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1 hour ago, ji20874 said:

It is well-established practice that a set-aside clause’s very stringent requirement for a domestic product takes precedence over more loosely-written clauses that might seem to allow otherwise.  That’s normal with standardized clauses that are written for routine incorporation.

I was able to find a case that supports this. See Bulloch International, IncB-237369, Feb 5, 1990. The Navy rejected a bid as nonresponsive under a small business set-aside where the bidder listed a "FMS/Off set arrangement country end product", in its Buy American Act certificate. The GAO denied the protest:

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A bid as submitted must represent an offer to perform, without exception, the exact thing called for in the IFB, so that upon acceptance, the contractor will be bound to perform in accordance with all the terms and conditions of the IFB. Rocco Indus. (Inc., B-227636, July 24, 1987, 87-2 CPD Para. 87. Moreover, only material available at bid opening may be considered in making a responsiveness determination. DuHadaway Tool and Die Shop, Inc., B-216082, Aug. 29, 1984, 84-2 CPD Para. 239. Accordingly, since Hulloch's bid indicated both that (1) the firm would supply an item manufactured in Australia, and that (2) it would furnish only end items manufactured or produced by small business concerns in the United States, the contracting officer reasonably concluded that Bulloch's bid was nonresponsive in that it was not clear from the bid whether Bulloch would comply with the set-aside requirement to supply a product manufactured or produced in the United States. See Jarke Corp., B-231858, July 25, 1988, 85-2 CPD Para. 82.

 

59 minutes ago, hallowed said:

Would it take 6 awards to recognize that my company is not legitimate?

That wouldn't surprise me.

13 minutes ago, hallowed said:

Do i have any rights arise from this other than the regular dispute process?

Maybe. I suggest you seek counsel from an attorney.

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13 minutes ago, hallowed said:

What does unrestricted solicitation mean? Does it indentify the ones other than set asides? Couldn’t find any info..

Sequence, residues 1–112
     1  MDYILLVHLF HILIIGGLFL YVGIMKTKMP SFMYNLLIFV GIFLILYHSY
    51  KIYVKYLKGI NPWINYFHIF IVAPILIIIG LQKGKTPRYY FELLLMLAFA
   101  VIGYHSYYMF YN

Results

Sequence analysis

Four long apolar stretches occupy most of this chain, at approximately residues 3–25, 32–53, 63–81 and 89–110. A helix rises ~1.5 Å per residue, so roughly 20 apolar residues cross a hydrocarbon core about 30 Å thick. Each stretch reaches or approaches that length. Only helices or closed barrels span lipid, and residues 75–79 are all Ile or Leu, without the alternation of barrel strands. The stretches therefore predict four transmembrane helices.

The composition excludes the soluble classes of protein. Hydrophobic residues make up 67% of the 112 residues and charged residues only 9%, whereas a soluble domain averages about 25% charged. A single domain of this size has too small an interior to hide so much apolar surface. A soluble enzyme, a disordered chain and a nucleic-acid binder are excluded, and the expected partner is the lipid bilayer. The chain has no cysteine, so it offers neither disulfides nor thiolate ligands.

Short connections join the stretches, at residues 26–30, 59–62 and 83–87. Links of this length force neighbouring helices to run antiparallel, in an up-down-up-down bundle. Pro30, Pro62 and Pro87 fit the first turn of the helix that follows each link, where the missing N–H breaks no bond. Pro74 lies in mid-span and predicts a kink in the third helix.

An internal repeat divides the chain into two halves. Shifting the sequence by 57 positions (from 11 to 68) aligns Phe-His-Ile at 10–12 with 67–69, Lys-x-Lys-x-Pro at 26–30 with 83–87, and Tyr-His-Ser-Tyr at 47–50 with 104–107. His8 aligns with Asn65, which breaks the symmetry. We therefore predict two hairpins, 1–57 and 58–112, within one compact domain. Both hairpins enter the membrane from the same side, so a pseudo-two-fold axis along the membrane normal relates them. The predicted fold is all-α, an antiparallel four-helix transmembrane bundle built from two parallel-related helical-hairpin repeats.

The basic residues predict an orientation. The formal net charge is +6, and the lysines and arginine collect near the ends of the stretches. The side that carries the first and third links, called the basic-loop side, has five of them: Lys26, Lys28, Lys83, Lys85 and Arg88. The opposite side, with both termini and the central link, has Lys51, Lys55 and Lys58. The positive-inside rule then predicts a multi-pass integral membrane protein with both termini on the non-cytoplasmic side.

It means that the competition is open to other than small businesses.

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19 hours ago, ji20874 said:

Maybe you were just lucky for the other six?  

I recommend being careful in raising the other six awards — an investigator might look into them and you might face a false claim matter (submitting an invoice for a product that does not conform to contract requirements) if any of those six were set-asides.

Anyway, we’re here for learning, not argument.  Happy new year!

Its not a false claim if there is no intent to deceive and the proposer thought that its offer was conforming. Even less so where the offeror identified the source in its offer and the government either didn’t evaluate it or evaluated it and the evaluator was clueless. The government must prove that the offer intended to deceive the government.

The government has the responsibility to evaluate information it requires from offerors. It also has a responsibility to know what it specified in the solicitation. 

Lets stop blaming hallowed here. 

Hallowed, if you wait to hire legal counsel or other professional assistance  for the purpose of preparing and pursuing a claim, those costs are unallowable.

However, if you hire someone NOW, for the purpose of helping resolve the matter and obtaining a settlement of termination costs, prior to it escalating to a claim, those costs might be reimbursable expenses in the termination settlement.